Benefits Education Lower in Importance to Employers

Though employees are expected to take on more decision-making and financial responsibility for their employee benefits, employee education and communications have become a much lower priority for employers.

“Helping employees make better benefits decisions” and “addressing the diverse benefits needs of your employee population” are at the bottom of the list of objectives in terms of importance, with 35% and 28% of plan sponsors rating them as “highly important,” according to Prudential’s Fifth Annual Study of Employee Benefits: Today & Beyond. “Increasing employee education and/or advice” was the top-rated benefits strategy with 34% of plan sponsors rating it as “highly important” in 2007, while this year, it has fallen to fourth with 28%.

For “tailoring communication and enrollment,” 21% rate it as highly important this year, compared to 26% in 2007. In 2007, plan sponsors rated benefits education (34%) as a more important strategy than cost-sharing (19%) or giving more financial responsibility to employees (21%).  

The study found few plan sponsors give their benefits communications/enrollment efforts high marks on overall effectiveness; only about one in five (23%) rate their communications as “highly effective.” This number has remained flat over the past few years. In 2007, 21% of plan sponsors thought that their benefits communications were “highly effective.” 

Targeted communications?

Plan sponsors remain cautious about targeting communications to specific employee segments. Just one in five companies are “very willing” to use select personal information about their employees (with their permission) so that benefits providers could more effectively tailor communications to better address employees’ and/or their families’ situations and needs. This is a decline from 2007, when one in four plan sponsors said they would be “very willing.”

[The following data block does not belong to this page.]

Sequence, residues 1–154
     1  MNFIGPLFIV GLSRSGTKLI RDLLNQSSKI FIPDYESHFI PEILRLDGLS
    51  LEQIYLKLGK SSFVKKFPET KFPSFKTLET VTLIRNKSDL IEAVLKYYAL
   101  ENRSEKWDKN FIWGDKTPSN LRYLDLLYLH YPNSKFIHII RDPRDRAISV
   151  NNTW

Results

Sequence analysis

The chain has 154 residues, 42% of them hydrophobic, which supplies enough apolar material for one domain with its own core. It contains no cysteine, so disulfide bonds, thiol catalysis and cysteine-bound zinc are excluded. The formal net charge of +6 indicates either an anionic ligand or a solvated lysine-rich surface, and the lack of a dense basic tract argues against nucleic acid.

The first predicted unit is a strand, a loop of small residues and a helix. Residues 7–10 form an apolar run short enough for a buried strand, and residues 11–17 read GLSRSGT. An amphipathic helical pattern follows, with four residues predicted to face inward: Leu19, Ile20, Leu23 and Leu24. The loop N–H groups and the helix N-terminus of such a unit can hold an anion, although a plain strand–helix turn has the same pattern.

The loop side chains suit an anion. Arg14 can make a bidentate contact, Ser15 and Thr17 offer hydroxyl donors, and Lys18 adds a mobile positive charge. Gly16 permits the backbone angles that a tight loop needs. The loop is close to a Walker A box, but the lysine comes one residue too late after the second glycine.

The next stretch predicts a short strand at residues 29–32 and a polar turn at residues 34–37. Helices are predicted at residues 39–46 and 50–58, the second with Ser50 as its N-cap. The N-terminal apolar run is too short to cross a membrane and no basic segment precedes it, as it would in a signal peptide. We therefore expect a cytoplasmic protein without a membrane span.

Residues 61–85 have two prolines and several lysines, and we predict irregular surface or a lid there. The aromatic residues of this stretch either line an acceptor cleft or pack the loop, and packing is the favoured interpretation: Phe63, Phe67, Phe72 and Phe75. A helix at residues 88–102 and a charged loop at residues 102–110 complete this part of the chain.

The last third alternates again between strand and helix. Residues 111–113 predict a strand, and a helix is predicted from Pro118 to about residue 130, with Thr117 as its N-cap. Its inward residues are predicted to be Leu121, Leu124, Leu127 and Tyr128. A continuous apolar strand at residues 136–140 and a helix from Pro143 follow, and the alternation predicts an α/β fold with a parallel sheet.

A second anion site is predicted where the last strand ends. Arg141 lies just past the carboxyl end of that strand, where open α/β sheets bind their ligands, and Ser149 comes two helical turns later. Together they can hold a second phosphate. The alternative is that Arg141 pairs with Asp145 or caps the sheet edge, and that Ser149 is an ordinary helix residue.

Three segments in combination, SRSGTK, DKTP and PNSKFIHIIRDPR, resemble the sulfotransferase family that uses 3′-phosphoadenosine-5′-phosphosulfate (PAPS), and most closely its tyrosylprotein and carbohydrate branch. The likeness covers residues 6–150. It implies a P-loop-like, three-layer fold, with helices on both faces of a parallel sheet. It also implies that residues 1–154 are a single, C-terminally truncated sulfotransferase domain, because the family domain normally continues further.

This year, 44% of plan sponsors “strongly agree” that they give their employees adequate time to make employee benefits decisions. This figure also has not moved in the past few years; in 2007, 45% of companies surveyed said they give their employees adequate time.  

In 2007, 35% of plan participants rated their benefits communication as “highly effective,” compared to 34% today. Plan participants who are among the least satisfied with their employers’ benefits communications (highest “neutral/not effective”ratings) tend to be male workers, those under age 35, and workers in the manufacturing industry.  

Most employees (68%) indicate that they tend toward the “little to no effort” end of the spectrum when it comes to benefits selection; 24% tend to just choose the same benefits and 44% read some information and possibly discuss options with a relative/friend, but in general don’t make many modifications from year to year.  

Reading benefits materials is the most commonly used resource when making benefits decisions by 78% of plan participants. Nearly one out of every two U.S. workers (47%) spends less than one hour in total researching, thinking about, and making decisions regarding employee benefits during their annual enrollment period. About one-third (34%) spend anywhere from one to two hours.